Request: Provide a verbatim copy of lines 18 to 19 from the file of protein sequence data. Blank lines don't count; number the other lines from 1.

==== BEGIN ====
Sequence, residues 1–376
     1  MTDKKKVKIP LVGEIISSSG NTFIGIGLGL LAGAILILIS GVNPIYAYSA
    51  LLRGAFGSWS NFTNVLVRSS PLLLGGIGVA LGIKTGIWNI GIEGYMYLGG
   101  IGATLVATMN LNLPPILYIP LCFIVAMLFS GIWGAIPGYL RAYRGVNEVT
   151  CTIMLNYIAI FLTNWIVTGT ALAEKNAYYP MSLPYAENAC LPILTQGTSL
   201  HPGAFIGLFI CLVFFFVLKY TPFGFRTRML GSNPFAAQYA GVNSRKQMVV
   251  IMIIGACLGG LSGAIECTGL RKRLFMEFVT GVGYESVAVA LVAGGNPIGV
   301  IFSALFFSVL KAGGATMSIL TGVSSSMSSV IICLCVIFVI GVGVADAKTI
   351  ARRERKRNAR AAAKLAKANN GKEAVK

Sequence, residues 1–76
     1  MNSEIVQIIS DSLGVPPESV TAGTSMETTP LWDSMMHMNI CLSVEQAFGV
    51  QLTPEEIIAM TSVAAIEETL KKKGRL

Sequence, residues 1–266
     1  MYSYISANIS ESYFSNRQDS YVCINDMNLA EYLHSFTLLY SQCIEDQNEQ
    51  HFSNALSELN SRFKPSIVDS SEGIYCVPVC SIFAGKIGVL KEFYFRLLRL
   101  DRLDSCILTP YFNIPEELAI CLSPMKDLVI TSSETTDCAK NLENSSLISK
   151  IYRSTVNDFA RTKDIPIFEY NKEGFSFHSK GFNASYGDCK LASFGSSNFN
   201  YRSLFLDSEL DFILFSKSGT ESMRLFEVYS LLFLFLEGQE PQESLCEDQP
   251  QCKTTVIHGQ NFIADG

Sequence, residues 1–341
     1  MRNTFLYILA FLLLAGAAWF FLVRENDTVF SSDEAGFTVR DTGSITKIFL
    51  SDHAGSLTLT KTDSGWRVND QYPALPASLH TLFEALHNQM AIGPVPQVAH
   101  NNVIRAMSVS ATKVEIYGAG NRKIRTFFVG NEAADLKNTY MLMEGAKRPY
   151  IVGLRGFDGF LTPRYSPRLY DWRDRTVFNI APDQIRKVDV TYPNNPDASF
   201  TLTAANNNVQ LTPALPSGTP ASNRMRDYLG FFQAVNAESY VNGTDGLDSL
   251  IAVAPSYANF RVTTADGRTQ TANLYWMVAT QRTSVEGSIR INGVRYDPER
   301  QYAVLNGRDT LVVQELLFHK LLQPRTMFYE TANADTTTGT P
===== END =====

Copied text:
   201  YRSLFLDSEL DFILFSKSGT ESMRLFEVYS LLFLFLEGQE PQESLCEDQP
   251  QCKTTVIHGQ NFIADG